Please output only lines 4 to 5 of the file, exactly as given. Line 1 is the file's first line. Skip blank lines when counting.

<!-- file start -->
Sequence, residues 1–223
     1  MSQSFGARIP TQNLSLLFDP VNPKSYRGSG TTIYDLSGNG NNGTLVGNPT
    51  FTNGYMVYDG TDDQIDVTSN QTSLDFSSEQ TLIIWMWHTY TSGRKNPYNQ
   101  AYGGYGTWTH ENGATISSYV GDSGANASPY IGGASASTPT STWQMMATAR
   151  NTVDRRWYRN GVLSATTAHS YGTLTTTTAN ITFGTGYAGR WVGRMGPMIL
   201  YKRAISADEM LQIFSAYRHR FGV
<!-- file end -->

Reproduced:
   101  AYGGYGTWTH ENGATISSYV GDSGANASPY IGGASASTPT STWQMMATAR
   151  NTVDRRWYRN GVLSATTAHS YGTLTTTTAN ITFGTGYAGR WVGRMGPMIL